I'm super excited to get this tutorial out to you! I have been wanting to find the *right* slippers for the kids, but my kids are picky. Now, before you click away thinking this is a kids' DIY tutorial and not relevant, you CAN size these in an adult as well! They need to have soft soles, as these children are otherwise barefoot happy and the intention here is to keep their feet warm - however they refuse to wear socks because they're slippery. While there are slipper socks, they're kinda pricey and they're socks. So I'd need a different pair for each day, unless I can convince them to wear socks under their socks. They need to be both warm in the winter but not too warm so they can wear them in those in-between seasons when it's not cold enough but too cold for bare feet. Wool is adaptable to ALL weather! Most importantly, they need to stay ON. Don't know about you but most slippers are far too loose to stand up to kids racing around the house. Basically, I wanted something like the soft-soled PediPeds - which is what my son is currently wearing as slippers - or Robeez, but in a bigger size (which they do not offer). These are styled like the soft-soled Robeez (which stay on thanks to the elastic), but the good news is that you can even size these up all the way to adult if you want to. Making a pattern to fit is not difficult at all. As of writing this post, I already have two wool batting "sheets" ready to felt in my daughter's chosen colors, and I'll likely be making additional slippers for myself and my husband afterwards.
I'll add that I have not as of yet added the anti-skid stuff to the bottom. There are a number of ways you can do this. Puffy paint is what I've used in the past, however the kids have a habit of picking it off, so I'm going to be trying a few other things. One idea is to glue on (or stitch on) rubber shelf liners cut to match the sole. Another is to paint on dots of Plasti Dip on the bottoms, which I think would work better. I've also heard of using silicone sealant, but that stuff takes forever to cure so they'd probably have to sit around for a few weeks to make sure you don't have permanently silicone-sealed your flooring. Plenty of options out there, so feel free to use whatever suits your purposes!
So first things first, you're going to want to prepare at least several sheets of felt. Not prefelt. You want to make sure this is quite fulled/felted so it doesn't fall apart. If you already have some prefelt sheets, make sure you felt them further before using them for slippers. For my son's size 5.5/6 toddler slippers, I ended up using one and a half 9x10ish sheets of felt. They don't even have to match, you can use one color for the front, a different one for the sole, different for the sides/heel. In fact, if you have a bunch of coordinating pieces, I'm sure you could even make a patchwork sheet to cut down and use for the slippers which would look pretty cute! You'll also need some thin elastic. The elastic I used was about a 1/4" wide, which was perfect. Any narrower and it might end up cutting into your foot, plus it's hard to sew closed.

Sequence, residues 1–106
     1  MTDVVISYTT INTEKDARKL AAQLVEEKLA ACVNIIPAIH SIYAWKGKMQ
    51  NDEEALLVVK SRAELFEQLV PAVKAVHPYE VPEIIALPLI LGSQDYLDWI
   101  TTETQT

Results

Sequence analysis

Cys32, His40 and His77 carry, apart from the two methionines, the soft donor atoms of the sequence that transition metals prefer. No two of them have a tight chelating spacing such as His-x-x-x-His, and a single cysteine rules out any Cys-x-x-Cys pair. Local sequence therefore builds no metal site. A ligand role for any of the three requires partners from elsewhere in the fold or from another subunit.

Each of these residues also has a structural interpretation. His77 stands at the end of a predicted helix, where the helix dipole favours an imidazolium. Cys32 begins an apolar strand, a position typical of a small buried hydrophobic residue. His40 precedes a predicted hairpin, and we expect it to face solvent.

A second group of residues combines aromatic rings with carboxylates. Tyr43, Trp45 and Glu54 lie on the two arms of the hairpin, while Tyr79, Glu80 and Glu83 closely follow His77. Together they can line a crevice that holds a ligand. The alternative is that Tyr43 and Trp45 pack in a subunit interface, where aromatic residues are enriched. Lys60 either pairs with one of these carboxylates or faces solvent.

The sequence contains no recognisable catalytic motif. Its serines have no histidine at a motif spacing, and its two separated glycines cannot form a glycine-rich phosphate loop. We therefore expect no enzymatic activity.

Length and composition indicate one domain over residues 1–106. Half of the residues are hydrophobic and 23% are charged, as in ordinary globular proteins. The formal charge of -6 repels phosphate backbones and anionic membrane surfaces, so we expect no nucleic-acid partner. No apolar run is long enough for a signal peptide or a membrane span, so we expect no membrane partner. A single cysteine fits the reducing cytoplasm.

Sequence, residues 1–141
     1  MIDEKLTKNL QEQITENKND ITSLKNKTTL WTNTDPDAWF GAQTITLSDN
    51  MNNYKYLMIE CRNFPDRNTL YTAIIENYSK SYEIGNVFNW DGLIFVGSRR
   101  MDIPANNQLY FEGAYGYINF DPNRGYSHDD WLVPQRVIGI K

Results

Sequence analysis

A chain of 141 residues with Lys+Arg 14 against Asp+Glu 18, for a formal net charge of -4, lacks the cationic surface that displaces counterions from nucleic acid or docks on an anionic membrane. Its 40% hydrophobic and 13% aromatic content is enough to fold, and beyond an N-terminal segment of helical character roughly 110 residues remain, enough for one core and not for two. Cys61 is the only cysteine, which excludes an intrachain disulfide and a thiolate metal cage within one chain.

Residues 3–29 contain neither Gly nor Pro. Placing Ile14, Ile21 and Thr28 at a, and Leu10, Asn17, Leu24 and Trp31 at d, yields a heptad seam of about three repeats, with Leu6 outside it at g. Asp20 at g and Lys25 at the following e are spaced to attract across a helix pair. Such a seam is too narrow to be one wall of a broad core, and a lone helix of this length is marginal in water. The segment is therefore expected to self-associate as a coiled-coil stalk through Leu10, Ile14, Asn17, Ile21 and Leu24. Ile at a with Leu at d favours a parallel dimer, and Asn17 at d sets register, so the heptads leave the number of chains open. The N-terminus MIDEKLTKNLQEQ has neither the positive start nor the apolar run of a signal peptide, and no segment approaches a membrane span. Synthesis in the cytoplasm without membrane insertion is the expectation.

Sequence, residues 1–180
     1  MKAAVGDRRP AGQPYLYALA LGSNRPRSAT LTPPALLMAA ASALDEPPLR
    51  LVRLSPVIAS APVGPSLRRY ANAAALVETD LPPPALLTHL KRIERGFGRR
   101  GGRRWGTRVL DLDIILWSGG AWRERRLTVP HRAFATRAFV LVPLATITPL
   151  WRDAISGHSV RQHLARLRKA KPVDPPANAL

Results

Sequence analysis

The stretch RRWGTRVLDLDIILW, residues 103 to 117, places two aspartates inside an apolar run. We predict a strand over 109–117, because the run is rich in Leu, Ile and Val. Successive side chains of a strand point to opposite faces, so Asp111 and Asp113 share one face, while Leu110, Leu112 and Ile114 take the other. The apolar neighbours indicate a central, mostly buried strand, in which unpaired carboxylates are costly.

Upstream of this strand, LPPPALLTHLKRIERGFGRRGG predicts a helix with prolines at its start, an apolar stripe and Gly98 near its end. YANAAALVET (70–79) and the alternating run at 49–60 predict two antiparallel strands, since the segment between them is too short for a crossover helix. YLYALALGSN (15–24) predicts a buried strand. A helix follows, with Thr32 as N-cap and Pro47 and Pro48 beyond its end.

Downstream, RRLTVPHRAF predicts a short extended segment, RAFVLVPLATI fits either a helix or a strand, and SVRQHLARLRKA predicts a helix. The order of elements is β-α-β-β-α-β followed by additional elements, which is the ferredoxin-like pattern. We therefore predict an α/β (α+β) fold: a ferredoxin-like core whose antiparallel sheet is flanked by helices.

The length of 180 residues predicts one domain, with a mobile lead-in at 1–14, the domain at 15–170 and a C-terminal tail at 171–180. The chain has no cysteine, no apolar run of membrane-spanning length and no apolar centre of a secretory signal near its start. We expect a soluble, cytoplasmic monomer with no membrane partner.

While your felt sheets are drying, time to figure out your pattern. Regular printer paper is more than sufficient, or any ol' scrap you have laying about that you can wrap around your foot or a child's shoe to get it sized. You'll need three pieces: the sole, the front-top part and the part that wraps around the heel. I traced my son's current slippers (the baby shoe on the very left is what I used to figure out the design) and sized it up so they fit him after he grows out of these. For the front-top part I had it come up to right about where the arch of your foot meets your leg, plus made it longer (to match the length added to the sole) and added an inch on either side. If you're making a patter for yourself, just wrap the paper around the arch of your foot and mark where it meets the floor. The heel part you want to wrap around from the ball of your feet meet the arch, then around the back of your heel, and back around to where the ball of your feet start on the outside of the foot. The front and sides are going to overlap. Take into account how high you want it to sit above your heel, and add another 1/2" height for the casing for the elastic.